A new record for Maurice Sendak's 'Wild Things' raises a rumpus in Heritage's $6 million American Art Auction

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A new record for Maurice Sendak's 'Wild Things' raises a rumpus in Heritage's $6 million American Art Auction
Maurice Sendak, Let the Wild Rumpus Start! (Happy Birthday Wild Things!), Where the Wild Things Are, 25th Anniversary, 1988. Watercolor on paper, 18-3/4 x 18-5/8 inches. Sold on May 10, 2022 for: $212,500.

DALLAS, TX.- Spanning George Washington to the Wild Things, Heritage Auctions’ latest American Art Signature® Auction set numerous auction records Tuesday on its way to a $6 million finish.

Eight-hundred fifty bidders participated in the near-sellout event, which saw records set for such revered and influential artists as Maurice Sendak, Margaret Keane, Manierre Dawson and James Lesesne Wells. Myriad artists also saw their estimates shattered and profiles elevated, chief among them Joseph Francis Kernan, whose circa-1940 advertisement for DB&M's Royal Bohemian Beer sold for $137,500. It would appear Kernan has finally shed his sobriquet as “the poor man’s Norman Rockwell.”

Heritage Auctions also announced that Wells’ circa-1930 Wanderers, which set an auction record for the artist at $37,500, was acquired by the Delaware Art Museum. Wanderers, which depicts three Black women migrating (likely northward from the South), is among the artist’s major early works, having received the Gold Medal at the Harmon Foundation's 1931 “Exhibition of the Work of Negro Artists.”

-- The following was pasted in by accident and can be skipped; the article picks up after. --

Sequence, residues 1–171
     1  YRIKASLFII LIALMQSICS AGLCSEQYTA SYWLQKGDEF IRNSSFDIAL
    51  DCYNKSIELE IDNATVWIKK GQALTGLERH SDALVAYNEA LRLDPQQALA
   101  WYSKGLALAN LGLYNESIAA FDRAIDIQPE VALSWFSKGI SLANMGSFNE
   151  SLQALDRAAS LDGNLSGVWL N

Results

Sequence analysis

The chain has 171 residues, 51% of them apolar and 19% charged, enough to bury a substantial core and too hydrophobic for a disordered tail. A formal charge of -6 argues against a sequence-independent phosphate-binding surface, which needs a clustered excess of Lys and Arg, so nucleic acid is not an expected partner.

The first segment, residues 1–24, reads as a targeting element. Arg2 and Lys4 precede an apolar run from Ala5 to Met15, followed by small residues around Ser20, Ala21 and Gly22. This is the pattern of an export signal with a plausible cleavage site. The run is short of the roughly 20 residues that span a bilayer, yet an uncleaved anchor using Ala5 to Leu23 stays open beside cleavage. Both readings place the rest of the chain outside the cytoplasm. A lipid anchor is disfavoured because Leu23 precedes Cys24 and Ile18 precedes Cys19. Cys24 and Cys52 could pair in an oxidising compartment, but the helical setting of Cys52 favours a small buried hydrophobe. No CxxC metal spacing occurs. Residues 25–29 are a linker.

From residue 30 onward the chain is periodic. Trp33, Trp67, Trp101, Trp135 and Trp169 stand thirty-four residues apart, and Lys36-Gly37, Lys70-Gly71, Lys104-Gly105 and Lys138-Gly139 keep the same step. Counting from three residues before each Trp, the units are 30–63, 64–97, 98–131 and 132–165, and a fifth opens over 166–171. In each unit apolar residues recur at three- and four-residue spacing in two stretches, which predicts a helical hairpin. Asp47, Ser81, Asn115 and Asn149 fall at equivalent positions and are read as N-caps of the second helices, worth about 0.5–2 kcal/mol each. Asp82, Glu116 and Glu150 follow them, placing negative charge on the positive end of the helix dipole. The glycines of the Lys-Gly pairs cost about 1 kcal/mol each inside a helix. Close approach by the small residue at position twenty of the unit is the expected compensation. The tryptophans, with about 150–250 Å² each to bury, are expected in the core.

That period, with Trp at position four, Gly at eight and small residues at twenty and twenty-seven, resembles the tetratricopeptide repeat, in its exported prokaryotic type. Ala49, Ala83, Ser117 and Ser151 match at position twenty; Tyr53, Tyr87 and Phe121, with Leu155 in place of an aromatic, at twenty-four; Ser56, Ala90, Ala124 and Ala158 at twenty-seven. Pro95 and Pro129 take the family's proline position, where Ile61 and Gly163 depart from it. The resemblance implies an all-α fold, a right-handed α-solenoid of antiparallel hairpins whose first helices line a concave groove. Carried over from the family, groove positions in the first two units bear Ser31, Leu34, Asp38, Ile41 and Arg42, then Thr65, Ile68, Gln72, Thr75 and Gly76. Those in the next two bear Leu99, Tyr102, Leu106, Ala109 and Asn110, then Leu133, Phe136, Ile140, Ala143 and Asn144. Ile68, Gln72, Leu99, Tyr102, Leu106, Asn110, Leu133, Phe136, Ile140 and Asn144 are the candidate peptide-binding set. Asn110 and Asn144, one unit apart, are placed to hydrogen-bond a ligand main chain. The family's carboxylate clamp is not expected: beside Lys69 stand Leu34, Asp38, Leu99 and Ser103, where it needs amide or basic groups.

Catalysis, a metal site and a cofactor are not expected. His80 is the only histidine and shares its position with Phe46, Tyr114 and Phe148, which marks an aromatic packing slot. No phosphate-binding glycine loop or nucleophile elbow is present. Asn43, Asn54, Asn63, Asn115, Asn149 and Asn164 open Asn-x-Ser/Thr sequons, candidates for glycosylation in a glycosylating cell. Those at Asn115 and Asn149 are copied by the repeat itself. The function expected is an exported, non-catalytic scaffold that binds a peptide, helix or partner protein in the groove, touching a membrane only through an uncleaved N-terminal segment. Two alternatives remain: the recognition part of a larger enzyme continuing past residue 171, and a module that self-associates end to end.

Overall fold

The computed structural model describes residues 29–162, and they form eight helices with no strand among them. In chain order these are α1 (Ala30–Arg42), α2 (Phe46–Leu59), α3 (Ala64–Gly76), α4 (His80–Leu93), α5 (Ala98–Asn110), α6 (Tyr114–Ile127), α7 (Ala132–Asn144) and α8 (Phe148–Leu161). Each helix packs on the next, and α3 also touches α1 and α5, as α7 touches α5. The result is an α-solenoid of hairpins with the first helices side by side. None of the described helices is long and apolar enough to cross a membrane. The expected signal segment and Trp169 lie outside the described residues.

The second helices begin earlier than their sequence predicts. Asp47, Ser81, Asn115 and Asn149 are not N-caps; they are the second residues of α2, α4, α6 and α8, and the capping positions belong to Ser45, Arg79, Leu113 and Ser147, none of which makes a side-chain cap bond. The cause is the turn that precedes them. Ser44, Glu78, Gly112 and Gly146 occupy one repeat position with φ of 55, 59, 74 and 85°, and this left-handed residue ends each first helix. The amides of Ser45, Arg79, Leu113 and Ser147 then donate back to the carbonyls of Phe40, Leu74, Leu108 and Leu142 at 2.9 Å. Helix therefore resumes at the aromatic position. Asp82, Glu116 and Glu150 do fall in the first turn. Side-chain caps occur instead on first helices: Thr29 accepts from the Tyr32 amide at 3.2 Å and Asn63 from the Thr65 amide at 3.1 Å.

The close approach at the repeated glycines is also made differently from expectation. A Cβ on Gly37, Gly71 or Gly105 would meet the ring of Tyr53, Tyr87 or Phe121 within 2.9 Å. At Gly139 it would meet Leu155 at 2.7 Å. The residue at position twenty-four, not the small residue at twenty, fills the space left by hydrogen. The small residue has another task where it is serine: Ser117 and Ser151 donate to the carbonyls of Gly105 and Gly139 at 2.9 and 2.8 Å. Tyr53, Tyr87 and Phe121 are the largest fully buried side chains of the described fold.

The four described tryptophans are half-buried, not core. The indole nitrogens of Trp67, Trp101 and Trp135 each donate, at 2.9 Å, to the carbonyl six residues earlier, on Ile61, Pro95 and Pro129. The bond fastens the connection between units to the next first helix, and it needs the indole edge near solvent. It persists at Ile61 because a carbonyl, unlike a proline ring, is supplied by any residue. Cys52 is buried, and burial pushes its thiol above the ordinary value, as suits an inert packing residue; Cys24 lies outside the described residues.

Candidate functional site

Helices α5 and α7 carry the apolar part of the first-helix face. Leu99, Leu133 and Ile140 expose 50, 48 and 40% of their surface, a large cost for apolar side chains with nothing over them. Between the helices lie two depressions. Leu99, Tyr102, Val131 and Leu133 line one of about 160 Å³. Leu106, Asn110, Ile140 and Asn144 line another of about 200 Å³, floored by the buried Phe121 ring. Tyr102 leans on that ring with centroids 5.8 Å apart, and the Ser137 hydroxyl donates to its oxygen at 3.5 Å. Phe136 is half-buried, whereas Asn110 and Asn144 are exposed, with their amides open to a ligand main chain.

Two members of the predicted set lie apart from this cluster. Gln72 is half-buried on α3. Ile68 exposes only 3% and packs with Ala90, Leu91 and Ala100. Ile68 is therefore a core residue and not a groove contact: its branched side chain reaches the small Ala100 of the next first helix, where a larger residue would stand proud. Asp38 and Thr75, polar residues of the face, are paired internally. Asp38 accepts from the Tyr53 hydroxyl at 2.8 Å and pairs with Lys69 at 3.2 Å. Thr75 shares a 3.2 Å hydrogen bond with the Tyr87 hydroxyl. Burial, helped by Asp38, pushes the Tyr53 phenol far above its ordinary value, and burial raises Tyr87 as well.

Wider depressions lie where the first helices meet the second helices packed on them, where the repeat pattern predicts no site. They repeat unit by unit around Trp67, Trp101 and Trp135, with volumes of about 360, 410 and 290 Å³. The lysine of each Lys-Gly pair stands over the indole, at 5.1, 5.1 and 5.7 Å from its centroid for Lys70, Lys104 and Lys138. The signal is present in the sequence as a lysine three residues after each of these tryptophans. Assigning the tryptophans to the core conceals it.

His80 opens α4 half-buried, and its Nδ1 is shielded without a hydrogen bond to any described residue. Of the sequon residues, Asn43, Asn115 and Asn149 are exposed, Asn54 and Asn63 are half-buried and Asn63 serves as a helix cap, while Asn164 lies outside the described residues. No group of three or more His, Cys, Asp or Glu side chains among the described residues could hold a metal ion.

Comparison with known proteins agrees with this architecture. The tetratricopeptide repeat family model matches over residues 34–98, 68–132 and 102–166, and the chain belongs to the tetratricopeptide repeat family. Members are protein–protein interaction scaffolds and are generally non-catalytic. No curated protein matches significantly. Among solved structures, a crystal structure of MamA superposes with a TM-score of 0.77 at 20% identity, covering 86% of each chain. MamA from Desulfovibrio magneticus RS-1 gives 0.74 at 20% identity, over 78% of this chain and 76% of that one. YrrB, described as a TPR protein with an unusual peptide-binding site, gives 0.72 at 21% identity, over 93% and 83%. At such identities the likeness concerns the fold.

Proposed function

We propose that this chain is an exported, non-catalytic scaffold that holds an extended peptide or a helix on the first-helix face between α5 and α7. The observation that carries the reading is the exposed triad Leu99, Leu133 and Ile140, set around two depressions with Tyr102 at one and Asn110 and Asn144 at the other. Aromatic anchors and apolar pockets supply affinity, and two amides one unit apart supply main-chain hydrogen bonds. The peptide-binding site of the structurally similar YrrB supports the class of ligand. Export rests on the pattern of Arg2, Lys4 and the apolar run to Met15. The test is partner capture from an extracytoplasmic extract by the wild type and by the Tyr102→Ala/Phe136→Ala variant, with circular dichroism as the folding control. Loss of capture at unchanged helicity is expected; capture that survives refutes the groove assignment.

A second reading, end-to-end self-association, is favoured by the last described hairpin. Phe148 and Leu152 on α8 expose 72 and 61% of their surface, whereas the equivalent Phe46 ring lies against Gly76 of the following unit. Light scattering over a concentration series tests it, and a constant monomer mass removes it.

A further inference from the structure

“We pared down this auction to highlight all the genres that make up what we call American art,” says Senior Vice President Aviva Lehmann, director of American Art. “We showcased these works in Chicago, New York City and Dallas, always to great acclaim, and knew we had a hit on our hands. But I had no idea it would so wildly exceed my expectations thanks to participation from both beloved institutions and private collectors.”

Topping the list of historic lots was a familiar favorite: Joseph Christian Leyendecker, whose First Long Suit, painted for the Sept. 18, 1937, cover for The Saturday Evening Post, sold for $615,000. That not only bested its high estimate, but became the second-highest price ever paid for a painting by the fashion-ad illustrator behind only 1914’s Beat-up Boy, Football Hero, which sold at Heritage Auctions one year ago for a record-setting $4,121,250 (the first and so far only Leyendecker to reach seven figures).

It’s clear Leyendecker is having his moment in the sun: Another Saturday Evening Post cover – Playing Hooky from June 13, 1914 – sold Tuesday for $300,000. And the lesser-known Tramp Feeding the Birds, painted for The Saturday Evening Post’s Nov. 20, 1915, cover, realized $150,000.

Another Saturday Evening Post cover proved to be one of the auction’s smash hits: Stevan Dohanos’ stunning After Church, which appeared on the magazine’s cover on April 16, 1949. One of myriad works that sparked bidding wars among collectors, this painting of the Wilton Episcopal Church congregation exiting Easter Sunday services sold for $225,000, more than twice its high estimate.